GV: When you went there, it must have been very difficult because the country was torn apart by war and its culture, language and lifestyle were different. How did you manage?

PW: Even though it was a Muslim culture, they were quite westernized in some ways, but language was a major stumbling block. Nobody spoke English. It was mostly Russian, German and, of course, Serbocroat the Yugoslav language. And it was not easy in the beginning.

GV: Did you come across any of Swami’s devotees?

PW: Well, to our surprise we found that our apartment was only 5 minutes walk to the Sai Centre. That was a very pleasant surprise for me.

GV: That’s very interesting. How did a centre start there?

PW: There have been devotees in Bosnia for many years. I really don’t know how it got started. But people had heard about Swami, and known about Swami for many years. In the centre there were plenty of pictures all around the walls. It was a very small room and they were many people, so we all crammed into this little apartment with a lot of people who couldn’t actually communicate with us but were singing Sanskrit Bhajans.

GV: Were the Sai devotees Christians, or Muslims or both?

PW: From all three religions.

GV: And did they get along well?

Yes, they got along very well. The leader of the Centre was a Muslim.

GV: Can you tell us whether any of these devotees in Bosnia had spiritual experiences?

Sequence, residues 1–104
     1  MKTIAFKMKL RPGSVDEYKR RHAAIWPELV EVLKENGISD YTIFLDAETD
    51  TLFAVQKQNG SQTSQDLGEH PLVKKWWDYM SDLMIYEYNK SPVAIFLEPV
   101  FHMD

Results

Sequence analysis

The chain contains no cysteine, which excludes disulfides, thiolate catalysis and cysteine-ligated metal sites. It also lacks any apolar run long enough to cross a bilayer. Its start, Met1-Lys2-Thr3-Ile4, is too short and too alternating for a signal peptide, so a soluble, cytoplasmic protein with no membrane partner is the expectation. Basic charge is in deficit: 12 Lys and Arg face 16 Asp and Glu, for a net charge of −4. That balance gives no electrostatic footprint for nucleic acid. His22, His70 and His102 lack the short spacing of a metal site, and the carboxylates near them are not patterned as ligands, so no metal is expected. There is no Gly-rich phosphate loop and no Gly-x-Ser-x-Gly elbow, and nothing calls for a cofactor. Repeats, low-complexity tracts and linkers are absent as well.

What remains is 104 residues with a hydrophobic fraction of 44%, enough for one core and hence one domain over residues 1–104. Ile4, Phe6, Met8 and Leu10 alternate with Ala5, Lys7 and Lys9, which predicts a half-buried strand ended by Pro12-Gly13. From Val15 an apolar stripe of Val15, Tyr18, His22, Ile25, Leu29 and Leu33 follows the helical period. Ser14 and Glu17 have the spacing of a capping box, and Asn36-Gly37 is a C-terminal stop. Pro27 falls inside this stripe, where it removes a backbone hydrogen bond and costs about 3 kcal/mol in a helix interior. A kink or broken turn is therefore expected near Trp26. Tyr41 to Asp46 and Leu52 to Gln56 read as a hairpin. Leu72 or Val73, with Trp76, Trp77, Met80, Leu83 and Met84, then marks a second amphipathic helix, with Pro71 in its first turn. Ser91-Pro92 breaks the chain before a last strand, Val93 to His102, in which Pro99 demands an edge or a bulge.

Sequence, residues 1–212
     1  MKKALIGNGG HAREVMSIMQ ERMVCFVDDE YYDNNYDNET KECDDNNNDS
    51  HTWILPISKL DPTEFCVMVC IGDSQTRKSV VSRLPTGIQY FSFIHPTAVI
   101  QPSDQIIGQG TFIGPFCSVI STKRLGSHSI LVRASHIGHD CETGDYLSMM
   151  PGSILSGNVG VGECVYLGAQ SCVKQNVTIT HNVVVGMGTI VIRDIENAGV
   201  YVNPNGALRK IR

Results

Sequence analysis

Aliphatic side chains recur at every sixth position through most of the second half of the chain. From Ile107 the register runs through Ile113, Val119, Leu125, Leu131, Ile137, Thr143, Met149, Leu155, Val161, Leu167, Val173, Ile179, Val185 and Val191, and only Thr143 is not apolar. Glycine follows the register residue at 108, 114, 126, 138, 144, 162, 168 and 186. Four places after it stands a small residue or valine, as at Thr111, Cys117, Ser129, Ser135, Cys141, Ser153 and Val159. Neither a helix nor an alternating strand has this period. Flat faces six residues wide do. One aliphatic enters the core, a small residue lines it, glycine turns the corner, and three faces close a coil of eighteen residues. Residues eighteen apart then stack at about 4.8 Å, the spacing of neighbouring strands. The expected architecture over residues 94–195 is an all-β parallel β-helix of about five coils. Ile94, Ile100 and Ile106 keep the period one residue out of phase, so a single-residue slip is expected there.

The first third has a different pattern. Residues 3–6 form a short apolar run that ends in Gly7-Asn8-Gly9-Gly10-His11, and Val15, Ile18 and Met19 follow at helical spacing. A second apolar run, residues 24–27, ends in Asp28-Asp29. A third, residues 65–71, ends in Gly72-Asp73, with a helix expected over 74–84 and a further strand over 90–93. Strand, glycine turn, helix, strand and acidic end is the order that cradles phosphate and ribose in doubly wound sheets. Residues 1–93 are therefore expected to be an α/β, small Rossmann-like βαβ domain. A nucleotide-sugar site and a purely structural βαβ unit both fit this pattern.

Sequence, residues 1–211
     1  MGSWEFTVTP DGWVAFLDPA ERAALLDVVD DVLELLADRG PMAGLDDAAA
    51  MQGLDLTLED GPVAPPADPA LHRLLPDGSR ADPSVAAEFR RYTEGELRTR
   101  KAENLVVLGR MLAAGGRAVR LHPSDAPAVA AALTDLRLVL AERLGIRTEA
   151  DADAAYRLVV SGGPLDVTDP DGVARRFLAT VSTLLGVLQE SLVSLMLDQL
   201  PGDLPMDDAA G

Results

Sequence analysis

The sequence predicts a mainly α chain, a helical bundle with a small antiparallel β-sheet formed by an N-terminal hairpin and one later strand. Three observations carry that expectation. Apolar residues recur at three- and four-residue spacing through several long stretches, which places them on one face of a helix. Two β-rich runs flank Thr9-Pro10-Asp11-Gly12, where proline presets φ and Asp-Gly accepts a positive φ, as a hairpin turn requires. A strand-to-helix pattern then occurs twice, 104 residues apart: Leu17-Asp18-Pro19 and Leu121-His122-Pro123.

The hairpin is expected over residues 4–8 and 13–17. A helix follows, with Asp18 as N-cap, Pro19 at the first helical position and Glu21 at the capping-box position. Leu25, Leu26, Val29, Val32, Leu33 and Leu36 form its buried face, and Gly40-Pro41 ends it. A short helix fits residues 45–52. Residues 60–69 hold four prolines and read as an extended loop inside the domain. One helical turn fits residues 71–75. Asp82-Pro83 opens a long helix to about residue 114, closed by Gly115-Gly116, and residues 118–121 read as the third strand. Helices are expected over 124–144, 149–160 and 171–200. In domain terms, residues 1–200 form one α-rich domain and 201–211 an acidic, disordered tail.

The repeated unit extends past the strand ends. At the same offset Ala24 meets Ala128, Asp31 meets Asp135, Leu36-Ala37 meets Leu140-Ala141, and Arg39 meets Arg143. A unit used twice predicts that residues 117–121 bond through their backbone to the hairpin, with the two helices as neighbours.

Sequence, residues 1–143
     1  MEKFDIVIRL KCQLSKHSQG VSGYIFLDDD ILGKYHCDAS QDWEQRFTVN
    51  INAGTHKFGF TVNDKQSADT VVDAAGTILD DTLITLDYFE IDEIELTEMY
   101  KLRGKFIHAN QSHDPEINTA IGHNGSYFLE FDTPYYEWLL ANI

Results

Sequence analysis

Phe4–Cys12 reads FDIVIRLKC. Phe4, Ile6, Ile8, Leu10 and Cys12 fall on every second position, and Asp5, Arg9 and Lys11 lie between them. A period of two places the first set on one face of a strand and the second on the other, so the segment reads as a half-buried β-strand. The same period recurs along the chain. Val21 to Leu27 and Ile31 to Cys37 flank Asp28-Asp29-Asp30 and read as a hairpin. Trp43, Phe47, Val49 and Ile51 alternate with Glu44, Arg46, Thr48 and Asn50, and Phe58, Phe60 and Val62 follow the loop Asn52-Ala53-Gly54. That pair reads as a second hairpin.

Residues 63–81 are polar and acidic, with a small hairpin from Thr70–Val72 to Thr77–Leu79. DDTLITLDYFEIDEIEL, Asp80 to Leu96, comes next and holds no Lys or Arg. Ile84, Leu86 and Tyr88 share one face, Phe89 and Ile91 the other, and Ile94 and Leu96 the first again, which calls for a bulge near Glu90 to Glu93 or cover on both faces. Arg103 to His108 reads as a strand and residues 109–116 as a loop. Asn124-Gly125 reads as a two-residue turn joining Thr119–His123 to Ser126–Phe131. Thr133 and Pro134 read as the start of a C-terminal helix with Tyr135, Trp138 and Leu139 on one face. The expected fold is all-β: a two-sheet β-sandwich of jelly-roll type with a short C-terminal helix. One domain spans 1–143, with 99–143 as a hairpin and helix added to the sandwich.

PW: There were only 2 places for the whole city that people could go and actually collect water. They would have these queues for water and bread. There were mountains around and the people who lived in the city were being attacked by those who are in the mountains; so when these queues were formed it was a very easy target from the mountains to shoot at the people.


There was a lady in the centre called Alexandra. She told me one day when she was standing in the water queue, she saw the back of Swami’s figure walking on the other side of the road and just walking around the corner and she was very surprised, she thought she was dreaming. She quickly crossed the road to follow and see whether it was actually Swami and the moment she crossed the road a grenade fell in the exact spot where she had been standing in the queue. Had she been there a moment longer she would be no more.